We’re seeing these top-down initiatives that are starting with some of the biggest healthcare systems in the world moving down into what I’ll call the more mid-market or mid-tier size healthcare systems. I’ve talked to some CEOs and CMOs who would reinforce this. As recently as seven or eight months ago when I joined, the theme was, we just let our facilities and our teams pick whatever solutions they want and we just make sure that we get the right price on them. Maybe there’s some data security and privacy standards, maybe there aren’t, which is frightening on so many dimensions. 

But now what you see is these large systems that keep getting bigger, they know they can’t run with 100, 200, 300 different point product solutions, many of which are trying to achieve the same outcome. They are now driving this consolidation standardization, not just as a technology, but of workflow and processes, such that you can  have a facility in Oregon and a facility in California and you can transfer an employee. A lot of those systems and tools are made the same way, so you can onboard them immediately and they’ll understand the look and the feel and the healthcare system’s way of doing things.

That’s going to be better for business. Number one, you get the obvious financial impact of system consolidation. But beyond that, it’s going to be so much better for the frontline workers who live in those in those tools for a couple hours a day who need to be as efficient and productive as humanly possible. When you’ve got a nursing leader who spends three to four hours a day of his or her time in systems instead of providing care or mentoring younger nurses, that’s horrible for your system. The ability to reduce that to an hour or hour and a half a day provides meaningful time back. That’s why you’re seeing a lot of these top-down down initiatives that previously had just been left to a fragmented, decentralized decision-making process. That’s the way of the past.

Has Symplr’s acquisition and operation of Phynd given you an appreciation for the challenges involved with the seemingly simple task of provider data management?

It’s so strange coming in from the outside. It’s a plumbing problem. If your pipes are set up the right way, your data flows. This shouldn’t be that hard. But because of the way credentialing takes place, because of the way a lot of these systems do provider data management, it’s been wholly inefficient. We look at Phynd as another part of provider management, which is one of the core categories that Symplr operates in as part of healthcare operations and GRC. If that front door doesn’t work, it  impacts the entire downstream operational landscape.

Phynd was so obvious for us. What had been Cactus and all the other provider applications we have that – Symplr Provider – and we saw the opportunity to bolt Phynd — now called Symplr Directory — into that and extend the operational wherewithal and competency in through the digital front door. Systems are now able to identify and convert more of those patient opportunities. It just made a ton of sense to stitch the whole thing together. It’s one plus one equals seven with those products together. It was a great opportunity for us to add a lot of value by simplifying something that shouldn’t be that hard.

You’ve said that companies need leaders who can stop debating and instead take action based on the 80% of information that is known. You’ve also said they must get along with each other. Did that mindset come from your military experience?

It’s this whole concept of task and purpose, and it really comes down to alignment and goal setting. If you have an organization that is trying to do too many things and doesn’t understand collectively what winning looks like or what success looks like, that’s when you get these rogue individuals who are well-intentioned, but are off doing their own thing.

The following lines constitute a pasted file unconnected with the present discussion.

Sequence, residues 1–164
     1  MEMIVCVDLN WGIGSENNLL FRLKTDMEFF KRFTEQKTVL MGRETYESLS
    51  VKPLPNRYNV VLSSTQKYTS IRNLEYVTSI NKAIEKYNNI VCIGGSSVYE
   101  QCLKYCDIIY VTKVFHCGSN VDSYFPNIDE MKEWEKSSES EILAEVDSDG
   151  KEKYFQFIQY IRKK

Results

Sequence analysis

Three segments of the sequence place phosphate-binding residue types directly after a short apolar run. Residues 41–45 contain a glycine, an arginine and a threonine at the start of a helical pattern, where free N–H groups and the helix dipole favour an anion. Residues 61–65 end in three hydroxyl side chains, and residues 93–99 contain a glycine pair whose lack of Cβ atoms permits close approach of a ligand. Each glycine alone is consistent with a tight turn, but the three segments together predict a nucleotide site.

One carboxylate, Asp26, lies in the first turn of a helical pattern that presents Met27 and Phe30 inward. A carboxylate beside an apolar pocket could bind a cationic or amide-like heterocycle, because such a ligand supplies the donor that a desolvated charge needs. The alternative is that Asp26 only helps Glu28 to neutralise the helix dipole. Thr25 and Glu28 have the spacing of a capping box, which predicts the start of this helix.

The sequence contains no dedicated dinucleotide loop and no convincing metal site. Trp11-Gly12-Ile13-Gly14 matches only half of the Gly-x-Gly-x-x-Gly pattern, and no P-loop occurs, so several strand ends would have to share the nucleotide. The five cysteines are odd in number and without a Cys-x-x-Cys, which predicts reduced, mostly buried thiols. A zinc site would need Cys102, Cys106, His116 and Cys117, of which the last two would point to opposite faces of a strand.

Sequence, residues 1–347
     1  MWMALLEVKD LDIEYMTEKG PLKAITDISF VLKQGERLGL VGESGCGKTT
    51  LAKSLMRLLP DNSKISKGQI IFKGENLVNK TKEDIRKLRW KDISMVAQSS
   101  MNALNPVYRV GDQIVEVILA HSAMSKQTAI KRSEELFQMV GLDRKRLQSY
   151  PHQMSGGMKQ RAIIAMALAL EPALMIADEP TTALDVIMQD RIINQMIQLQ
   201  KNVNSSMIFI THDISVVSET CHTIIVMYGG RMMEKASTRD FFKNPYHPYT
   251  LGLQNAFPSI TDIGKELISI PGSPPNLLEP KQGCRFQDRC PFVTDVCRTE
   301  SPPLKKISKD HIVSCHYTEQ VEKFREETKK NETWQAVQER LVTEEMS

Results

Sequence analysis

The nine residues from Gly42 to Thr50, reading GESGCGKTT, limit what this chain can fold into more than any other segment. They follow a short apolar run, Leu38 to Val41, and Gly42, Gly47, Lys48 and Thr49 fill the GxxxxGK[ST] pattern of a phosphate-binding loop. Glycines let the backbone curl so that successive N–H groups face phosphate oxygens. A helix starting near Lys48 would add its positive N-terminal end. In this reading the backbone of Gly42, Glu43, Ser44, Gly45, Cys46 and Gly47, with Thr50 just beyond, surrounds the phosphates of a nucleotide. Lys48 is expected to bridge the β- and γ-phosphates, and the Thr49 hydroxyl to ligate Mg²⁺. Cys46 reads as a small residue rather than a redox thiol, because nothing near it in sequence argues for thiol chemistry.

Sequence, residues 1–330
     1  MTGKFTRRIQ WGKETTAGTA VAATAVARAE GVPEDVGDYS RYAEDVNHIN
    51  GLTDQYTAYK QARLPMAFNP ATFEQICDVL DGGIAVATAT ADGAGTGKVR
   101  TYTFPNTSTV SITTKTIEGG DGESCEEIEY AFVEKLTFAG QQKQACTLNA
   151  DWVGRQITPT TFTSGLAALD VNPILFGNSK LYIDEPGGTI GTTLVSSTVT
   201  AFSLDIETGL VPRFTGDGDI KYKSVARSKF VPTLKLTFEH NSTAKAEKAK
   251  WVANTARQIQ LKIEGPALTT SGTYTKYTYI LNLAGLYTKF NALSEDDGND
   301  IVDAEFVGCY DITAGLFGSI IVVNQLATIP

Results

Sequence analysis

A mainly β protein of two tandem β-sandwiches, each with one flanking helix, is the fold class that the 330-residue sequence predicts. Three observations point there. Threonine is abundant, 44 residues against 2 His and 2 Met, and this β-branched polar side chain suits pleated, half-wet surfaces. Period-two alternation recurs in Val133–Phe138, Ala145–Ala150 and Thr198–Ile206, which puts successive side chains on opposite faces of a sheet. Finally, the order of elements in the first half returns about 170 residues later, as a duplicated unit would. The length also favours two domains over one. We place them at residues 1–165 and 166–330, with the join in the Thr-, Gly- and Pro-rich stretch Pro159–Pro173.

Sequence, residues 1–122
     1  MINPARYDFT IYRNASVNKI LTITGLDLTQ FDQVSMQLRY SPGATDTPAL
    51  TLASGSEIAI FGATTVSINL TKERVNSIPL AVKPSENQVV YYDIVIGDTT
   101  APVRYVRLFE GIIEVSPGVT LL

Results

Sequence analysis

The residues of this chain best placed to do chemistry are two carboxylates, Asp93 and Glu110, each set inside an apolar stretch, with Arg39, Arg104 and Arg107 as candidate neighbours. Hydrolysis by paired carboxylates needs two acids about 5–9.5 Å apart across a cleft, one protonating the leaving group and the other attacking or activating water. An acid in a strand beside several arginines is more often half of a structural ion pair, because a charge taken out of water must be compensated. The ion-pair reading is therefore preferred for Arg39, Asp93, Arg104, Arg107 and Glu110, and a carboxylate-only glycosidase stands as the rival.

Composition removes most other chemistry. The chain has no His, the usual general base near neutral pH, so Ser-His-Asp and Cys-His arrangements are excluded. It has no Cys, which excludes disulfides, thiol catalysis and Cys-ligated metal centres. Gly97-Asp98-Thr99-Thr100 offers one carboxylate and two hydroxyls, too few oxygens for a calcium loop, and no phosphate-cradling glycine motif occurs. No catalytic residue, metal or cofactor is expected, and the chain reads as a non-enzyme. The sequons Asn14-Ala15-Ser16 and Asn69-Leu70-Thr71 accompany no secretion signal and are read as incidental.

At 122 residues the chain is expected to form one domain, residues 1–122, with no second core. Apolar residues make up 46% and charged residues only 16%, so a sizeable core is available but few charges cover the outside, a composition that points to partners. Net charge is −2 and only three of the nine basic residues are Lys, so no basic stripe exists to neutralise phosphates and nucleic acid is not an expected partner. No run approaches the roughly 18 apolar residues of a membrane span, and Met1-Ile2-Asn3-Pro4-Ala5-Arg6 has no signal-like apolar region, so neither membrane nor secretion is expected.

At Symplr, we have three strategic priorities — grow organically, become one Symplr internally and externally, and then win with mergers and acquisitions. The individual goals of everyone in the company, including me, ladder up to those three objectives. If you have continuity and consistency of purpose, the organization is able to better win together and remain aligned. We also have to know what right looks like, such that if someone is off doing something, the rest of the organization has a mandate to say, wait a minute, I think we’re out of balance here. How does this align back to our common objectives? 

Whether it’s in the military — where you basically have tasks and purpose, you have very specific missions with a specific purpose and clarity around mission intent – or in business — where you have three strategic goals, here are measures for each, here’s how your job ladders into each of those, here’s how we collectively in a system achieve those — it’s much easier to create organizational alignment.

I say I joined Symplr for four reasons, and one of the primary ones was the culture of Symplr when I walked in the door. This was a company that had grown up through acquisition. I was shocked to learn that the employee engagement was as high as it was. We had world-class Employee Net Promoter Scores the day I walked in the door, which told me you’ve got a workforce that wants to actually understand and solve for customers. That it’s looking for singularity of purpose, if you will. We’ve done a pretty heavy internal transformation to become one Symplr — our own infrastructure, our own processes, a common way of doing things. We do EMPS every quarter and we’re still world class. The organization was hungry for that kind of goal-oriented management and I think we have thrived as a result.

You are early in your first CEO job, but have already been involved in acquisitions and presumably some discussions about the possible change in company ownership form. What are you learning as the person who has to make those big decisions?

The two observations that I probably reflect upon the most are, number one, you can’t undervalue the importance of having an incredibly strong executive team. Do the leaders of the functions of our organization all understand what the goals are? Do we ladder up against them? Do we have the right culture on the executive team such that the organization sees us working together, challenging each other, but always being professional and having a ton of fun doing it?